We saw in a previous blog the difficulties in error calculations when using meter test benches without any electronics.

Now meter testing is much more comfortable. Actually you only need to put the meters on the rack. For testing big quantities of meters a robot can also do the job.

But what happens inside?

### Power generation

The meter test equipment uses digital amplifiers to generate voltages and currents. For the fans of analog technology we still have analog amplifiers. Comparison measurements with both technologies are showing differences less than 5 ppm (parts per million).

The amplifiers are controlled by a waveform generator, frequency generator, controller or whatever name the manufacturer has given to this device.

In CLOU terminology it’s a controller.

This controller receives the settings information from the PC software and calculates the waveform, amplitude, frequency, phase-shift and harmonics. This information is send to the individual amplifiers to perform the accurate settings.

### Reference Standard

The reference standard is the heart of the meter test system. It monitors the accurate settings of the test values and generates power-proportional pulses for the error measurement. (We skip for now the other tasks of the reference standard:)

### How to understand power proportional pulses?

A electronic meter is making energy-proportional pulses. You remember the term “meter constant”. A energy meter with a constant 1000 i/kWh is flashing 1000 times per kWh.

The reference standard has also at least one constant. Typically it has an individual constant for each range-pair. The unit is frequency per power.

CL3115 power constants | ||||
---|---|---|---|---|

60 V | 120 V | 240 V | 480 V | |

0.01 A | 2 x 10^{9} |
2 x 10^{9} |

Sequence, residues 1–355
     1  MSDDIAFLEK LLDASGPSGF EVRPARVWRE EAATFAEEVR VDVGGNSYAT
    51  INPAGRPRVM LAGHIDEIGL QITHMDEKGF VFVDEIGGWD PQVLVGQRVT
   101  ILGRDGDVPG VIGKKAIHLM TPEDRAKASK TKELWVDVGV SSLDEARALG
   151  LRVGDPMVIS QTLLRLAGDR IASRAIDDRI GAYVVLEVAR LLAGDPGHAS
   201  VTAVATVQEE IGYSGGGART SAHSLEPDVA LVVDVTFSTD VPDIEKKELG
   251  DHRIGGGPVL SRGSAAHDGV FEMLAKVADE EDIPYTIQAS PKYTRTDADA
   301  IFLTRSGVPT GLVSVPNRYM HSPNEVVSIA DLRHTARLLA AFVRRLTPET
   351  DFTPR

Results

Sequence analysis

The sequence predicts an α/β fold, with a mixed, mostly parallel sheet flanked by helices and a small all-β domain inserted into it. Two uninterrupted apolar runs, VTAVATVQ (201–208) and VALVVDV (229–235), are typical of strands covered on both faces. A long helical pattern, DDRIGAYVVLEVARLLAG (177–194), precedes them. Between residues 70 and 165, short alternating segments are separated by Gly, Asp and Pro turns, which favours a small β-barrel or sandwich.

2 x 10^{9} |
2 x 10^{9} |

0.02 A | 2 x 10^{9} |
2 x 10^{9} |
2 x 10^{9} |
2 x 10^{9} |

0.05 A | 2 x 10^{9} |
2 x 10^{9} |
2 x 10^{9} |
2 x 10^{9} |

0.1 A | 2 x 10^{9} |
2 x 10^{9} |
2 x 10^{9} |
2 x 10^{9} |

0.2 A | 2 x 10^{9} |
2 x 10^{9} |
2 x 10^{9} |
2 x 10^{9} |

0.5 A | 2 x 10^{9} |
2 x 10^{9} |
1.6 x 10^{9} |
8 x 10^{8} |

1 A | 2 x 10^{9} |
1.6 x 10^{9} |
8 x 10^{8} |
4 x 10^{8} |

2 A | 1.6 x 10^{9} |
8 x 10^{8} |
4 x 10^{8} |
2 x 10^{8} |

5 A | 6.4 x 10^{8} |
3.2 x 10^{8} |
1.6 x 10^{8} |
8 x 10^{7} |

10 A | 3.2 x 10^{8} |
1.6 x 10^{8} |
8 x 10^{7} |
4 x 10^{7} |

20 A | 1.6 x 10^{8} |
8 x 10^{7} |
4 x 10^{7} |
2 x 10^{7} |

50 A | 6.4 x 10^{7} |
3.2 x 10^{7} |
1.6 x 10^{7} |
8 x 10^{6} |

100 A | 3.2 x 10^{7} |
1.6 x 10^{7} |
8 x 10^{6} |
4 x 10^{6} |

The output frequency for end of range in voltage/current pair with three phase connection is 160 kHz. The power pulses are on TTL/CMOS level. The burden capacity is > 20 mA.

### Calculation formulas

#### Frequency

#### Constant

### Example for pulse frequency

We have a voltage of **230 V** and a current of **3 A**. What will be the power proportional output frequency?

The reference standard is running in auto-mode. So it selects the range pair 240/5 A. The constant for this pair is **1.6x 10 ^{8}** pulses/W (taken from the table).

Now we use our frequency formula

The power proportional pulse frequency is 92 kHz, equivalent to the power of 2070 W (3x 230 V * 3 A). If the power is not stable the frequency is changing.

So when we know the number of pulses over a certain time, we know the average power during this period.

### Error calculation

Meter test benches have an error calculator for each measurement position. This error calculators get the power-proportional pulses from the reference standard. They also get the energy meter pulses from the scanning heads. From the test bench control software the error calculators know the actual meter constant for each position.

With this informations the error calculators are operating in the same way like we did manually in the past.

*This article is simplified. *

If you have specific questions, just put a comment.

Thank you for reading.

what can cause a tramsformer operated meter rated at Imax 4A and programmed at 1250/1A,11000/110v fail on Imax or any current above 1A? could it be due to scanning head not able pick the pulses

Thank you for the interesting question. When we look into the IEC62052-11, chapter 5.11.1, we see: “The maximum pulse frequency shall not exceed 2,5 kHz.”

An error measurement system from famous brands like MTE, ZERA or CLOU can easy match with this flashing frequency.

So either the pulses are not picked by the scanning head or the meter can not process the pulses for maximum load internally.

I have tested our portable calibrator RS350 for fun with 8 kHz. So maybe you make a error measurement on maximum load with this device or with an MT320 (should also work fine).

You can also calculate the theoretical flashing frequency of the test output based on the meter constant to see whether it exceeds 2.5 kHz on maximum load.

Please let our readers know the cause. I suppose others will have the same question.

Thank you